Anyone without a password is restricted from opening the file. This provides maximum protection of your data and maintains the integrity of your file 😊
To reverse this encryption, simply repeat the previous process. Delete the password from the input box for password and click OK.
How to unlock cells
Say, you want to make adjustments to the level of protection of your Excel files. Or you either want to allow other users to make changes or modifications.
Here are the steps on how to unlock your cells or undo any protection you added to your Excel files 👇
If the worksheet is protected,
- Go to the Review tab.
- Click Unprotect Sheet in the Protect group.
These previously locked cells are now unlocked 🔓
Any changes can now be made in the cells of this worksheet.
Unprotect your workbook
If you protected your workbook without a password, all it takes is one click to unprotect it.
When you go to the Review Tab, you’ll see that the Protect Workbook button is highlighted. The dark gray background indicates that the workbook is currently protected.
Click the Protect Workbook button to unprotect it.
This would mean that you and anyone can now change the structure of the workbook including adding, moving, and renaming worksheets in the workbook.
To unprotect a workbook that is password protected, the same procedure follows but you’ll now be prompted for the password.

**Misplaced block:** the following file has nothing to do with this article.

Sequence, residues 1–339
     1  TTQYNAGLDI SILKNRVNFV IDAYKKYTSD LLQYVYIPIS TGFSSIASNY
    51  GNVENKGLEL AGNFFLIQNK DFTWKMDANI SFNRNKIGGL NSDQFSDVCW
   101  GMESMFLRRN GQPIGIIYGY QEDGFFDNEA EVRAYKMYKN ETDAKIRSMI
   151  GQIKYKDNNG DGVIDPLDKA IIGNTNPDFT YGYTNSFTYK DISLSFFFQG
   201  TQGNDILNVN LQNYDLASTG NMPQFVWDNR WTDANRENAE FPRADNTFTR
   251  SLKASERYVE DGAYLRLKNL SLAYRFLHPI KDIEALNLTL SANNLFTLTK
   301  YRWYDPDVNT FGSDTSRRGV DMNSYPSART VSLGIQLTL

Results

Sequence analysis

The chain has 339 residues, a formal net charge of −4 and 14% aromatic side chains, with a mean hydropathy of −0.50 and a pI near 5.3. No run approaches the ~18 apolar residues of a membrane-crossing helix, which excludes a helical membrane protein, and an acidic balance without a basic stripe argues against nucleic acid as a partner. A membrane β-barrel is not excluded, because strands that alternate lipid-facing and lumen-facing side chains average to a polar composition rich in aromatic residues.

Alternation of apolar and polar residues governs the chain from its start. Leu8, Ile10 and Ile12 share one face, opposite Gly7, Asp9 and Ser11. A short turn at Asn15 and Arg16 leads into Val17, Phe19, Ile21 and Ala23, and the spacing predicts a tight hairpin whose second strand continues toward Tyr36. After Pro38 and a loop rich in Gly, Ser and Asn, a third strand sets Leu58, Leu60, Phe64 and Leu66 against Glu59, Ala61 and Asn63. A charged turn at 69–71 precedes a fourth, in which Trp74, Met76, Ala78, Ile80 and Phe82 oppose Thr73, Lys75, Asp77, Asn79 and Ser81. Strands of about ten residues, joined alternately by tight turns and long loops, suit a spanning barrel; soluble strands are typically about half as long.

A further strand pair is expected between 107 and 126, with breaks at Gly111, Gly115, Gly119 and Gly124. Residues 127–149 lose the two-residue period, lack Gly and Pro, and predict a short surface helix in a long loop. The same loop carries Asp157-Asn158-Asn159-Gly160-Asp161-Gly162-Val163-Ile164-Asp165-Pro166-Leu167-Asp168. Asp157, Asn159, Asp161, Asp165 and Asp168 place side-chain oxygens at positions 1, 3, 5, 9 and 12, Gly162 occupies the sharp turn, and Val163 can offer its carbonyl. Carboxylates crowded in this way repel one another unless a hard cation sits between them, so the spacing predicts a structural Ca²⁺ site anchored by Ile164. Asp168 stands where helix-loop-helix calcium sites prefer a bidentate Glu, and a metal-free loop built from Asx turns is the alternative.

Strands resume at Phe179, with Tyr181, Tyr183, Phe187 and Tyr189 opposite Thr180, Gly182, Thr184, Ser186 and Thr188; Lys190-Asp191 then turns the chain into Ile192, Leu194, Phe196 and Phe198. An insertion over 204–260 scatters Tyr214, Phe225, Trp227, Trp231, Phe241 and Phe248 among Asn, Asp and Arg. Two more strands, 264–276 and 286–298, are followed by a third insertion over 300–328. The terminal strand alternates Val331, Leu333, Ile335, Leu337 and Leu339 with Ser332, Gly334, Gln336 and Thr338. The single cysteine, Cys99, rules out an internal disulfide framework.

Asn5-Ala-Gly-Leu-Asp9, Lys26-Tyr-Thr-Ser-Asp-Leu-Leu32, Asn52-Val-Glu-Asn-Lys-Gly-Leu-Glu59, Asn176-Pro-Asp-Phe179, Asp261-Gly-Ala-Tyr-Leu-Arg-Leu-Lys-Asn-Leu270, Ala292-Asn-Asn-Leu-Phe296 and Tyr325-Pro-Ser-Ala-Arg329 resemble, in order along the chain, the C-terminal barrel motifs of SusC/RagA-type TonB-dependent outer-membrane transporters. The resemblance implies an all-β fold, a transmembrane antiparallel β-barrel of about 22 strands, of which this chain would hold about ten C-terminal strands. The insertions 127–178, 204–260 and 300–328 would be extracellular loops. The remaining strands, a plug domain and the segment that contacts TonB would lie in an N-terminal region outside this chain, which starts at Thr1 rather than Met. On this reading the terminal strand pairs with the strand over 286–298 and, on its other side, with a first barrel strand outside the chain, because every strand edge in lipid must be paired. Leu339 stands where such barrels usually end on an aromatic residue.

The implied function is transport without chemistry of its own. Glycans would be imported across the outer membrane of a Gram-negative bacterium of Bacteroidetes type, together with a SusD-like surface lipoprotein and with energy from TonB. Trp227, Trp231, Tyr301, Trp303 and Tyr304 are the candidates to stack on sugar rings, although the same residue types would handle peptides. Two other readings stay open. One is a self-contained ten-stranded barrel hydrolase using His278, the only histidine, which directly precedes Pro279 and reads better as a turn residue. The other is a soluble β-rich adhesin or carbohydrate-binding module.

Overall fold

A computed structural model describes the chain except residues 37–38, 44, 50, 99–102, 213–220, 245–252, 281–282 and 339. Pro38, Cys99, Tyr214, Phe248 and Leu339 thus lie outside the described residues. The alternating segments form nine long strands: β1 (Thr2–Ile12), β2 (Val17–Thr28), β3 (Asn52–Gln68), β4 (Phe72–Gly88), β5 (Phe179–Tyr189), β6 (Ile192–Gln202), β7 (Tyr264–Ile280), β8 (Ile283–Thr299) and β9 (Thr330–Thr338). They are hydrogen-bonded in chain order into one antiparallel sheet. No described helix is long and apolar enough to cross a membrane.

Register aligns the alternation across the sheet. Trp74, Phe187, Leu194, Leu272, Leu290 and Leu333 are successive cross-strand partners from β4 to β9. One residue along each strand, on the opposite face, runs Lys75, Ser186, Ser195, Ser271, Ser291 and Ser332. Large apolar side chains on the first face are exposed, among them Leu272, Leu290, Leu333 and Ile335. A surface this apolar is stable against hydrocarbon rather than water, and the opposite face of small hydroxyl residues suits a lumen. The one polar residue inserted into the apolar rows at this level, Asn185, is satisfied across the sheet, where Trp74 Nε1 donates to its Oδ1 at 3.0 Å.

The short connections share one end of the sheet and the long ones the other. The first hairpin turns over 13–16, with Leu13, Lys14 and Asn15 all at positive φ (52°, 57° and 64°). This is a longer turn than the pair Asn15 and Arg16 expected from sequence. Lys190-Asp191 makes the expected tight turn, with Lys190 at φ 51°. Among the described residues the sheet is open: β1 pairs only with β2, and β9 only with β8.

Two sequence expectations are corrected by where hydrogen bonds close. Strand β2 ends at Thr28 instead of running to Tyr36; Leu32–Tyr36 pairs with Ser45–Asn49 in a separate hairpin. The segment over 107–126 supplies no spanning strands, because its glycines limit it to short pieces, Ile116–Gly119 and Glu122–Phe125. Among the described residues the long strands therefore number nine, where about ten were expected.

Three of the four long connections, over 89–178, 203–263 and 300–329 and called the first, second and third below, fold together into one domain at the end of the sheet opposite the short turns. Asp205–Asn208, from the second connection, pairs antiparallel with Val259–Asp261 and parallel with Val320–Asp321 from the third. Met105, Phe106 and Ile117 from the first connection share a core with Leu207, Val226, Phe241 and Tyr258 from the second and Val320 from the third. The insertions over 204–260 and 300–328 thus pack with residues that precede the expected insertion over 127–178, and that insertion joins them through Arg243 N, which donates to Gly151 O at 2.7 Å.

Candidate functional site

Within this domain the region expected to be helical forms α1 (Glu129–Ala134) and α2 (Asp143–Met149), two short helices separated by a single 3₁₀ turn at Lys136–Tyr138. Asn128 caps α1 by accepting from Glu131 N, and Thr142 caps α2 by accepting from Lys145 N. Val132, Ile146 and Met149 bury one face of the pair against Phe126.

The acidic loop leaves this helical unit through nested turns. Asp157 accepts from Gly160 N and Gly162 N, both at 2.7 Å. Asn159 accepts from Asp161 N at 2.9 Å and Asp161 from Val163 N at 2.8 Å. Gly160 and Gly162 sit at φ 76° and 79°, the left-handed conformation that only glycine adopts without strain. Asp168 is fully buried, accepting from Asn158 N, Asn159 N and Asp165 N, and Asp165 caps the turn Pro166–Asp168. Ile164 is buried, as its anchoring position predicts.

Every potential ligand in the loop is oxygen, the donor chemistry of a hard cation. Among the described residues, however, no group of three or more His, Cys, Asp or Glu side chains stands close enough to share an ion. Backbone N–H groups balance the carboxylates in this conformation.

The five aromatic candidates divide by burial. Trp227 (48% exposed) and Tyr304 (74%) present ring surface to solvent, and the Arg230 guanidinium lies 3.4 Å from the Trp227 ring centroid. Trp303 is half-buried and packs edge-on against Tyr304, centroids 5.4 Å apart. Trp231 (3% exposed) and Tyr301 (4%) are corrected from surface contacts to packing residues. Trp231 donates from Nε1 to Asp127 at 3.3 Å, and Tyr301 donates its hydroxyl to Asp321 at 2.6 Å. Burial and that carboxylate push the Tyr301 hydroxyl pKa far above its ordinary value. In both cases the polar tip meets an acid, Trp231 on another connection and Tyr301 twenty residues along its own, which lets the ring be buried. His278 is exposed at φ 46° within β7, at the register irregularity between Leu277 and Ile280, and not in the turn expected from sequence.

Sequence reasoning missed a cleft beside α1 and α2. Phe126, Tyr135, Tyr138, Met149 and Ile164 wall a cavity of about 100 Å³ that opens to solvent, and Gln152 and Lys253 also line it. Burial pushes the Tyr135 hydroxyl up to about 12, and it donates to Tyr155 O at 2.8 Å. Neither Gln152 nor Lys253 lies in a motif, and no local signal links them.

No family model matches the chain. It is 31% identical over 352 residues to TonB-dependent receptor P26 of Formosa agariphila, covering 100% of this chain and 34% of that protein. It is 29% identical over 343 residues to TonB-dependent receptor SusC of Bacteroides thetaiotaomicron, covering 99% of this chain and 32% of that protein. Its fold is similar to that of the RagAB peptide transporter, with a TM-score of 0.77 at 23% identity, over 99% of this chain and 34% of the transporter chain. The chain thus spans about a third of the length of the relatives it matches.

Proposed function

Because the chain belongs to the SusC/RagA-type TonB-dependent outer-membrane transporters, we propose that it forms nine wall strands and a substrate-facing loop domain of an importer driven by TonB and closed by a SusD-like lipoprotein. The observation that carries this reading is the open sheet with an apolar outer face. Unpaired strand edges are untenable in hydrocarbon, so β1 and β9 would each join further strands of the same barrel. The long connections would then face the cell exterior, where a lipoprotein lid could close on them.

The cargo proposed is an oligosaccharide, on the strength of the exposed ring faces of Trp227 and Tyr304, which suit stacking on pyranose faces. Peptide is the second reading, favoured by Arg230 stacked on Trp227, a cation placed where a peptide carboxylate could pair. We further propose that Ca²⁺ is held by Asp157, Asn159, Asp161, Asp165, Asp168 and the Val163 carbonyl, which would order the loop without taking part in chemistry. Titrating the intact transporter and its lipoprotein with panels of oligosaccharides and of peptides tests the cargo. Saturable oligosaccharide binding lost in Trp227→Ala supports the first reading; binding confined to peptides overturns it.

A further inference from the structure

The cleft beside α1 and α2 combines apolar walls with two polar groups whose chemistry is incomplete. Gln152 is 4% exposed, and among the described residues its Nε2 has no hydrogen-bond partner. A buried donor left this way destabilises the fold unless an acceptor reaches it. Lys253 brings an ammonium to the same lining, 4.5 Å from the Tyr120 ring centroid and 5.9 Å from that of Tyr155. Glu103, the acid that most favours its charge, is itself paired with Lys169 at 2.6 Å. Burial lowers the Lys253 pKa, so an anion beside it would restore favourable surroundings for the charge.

That’s it – Now what?
Nice work! You’ve clearly seen how you can protect your data and maintain the integrity of your Excel files 😊
You know it’s better safe than sorry! So, whether you need to protect your data, formulas, worksheet, or workbook; with a password or without, Excel has you covered.
Do you know what else Excel’s got you covered? Built-in functions and formulas you actually need to make your work done fast and easily. Functions like the IF, SUMIF, and VLOOKUP.
Join my free Excel Intermediate Training to learn these functions and how to effectively clean your data in Excel. Click the link to turbocharge your Excel skills 🚀
There are still a lot of things you can do to your worksheets before you finally protect them.
Whether you want to learn how to create a new worksheet or group your worksheets in Excel, we got you covered.
By the way, have you ever wondered what’s the difference between Excel and Google sheets? 🤔 Which one is better? Click this link to learn more.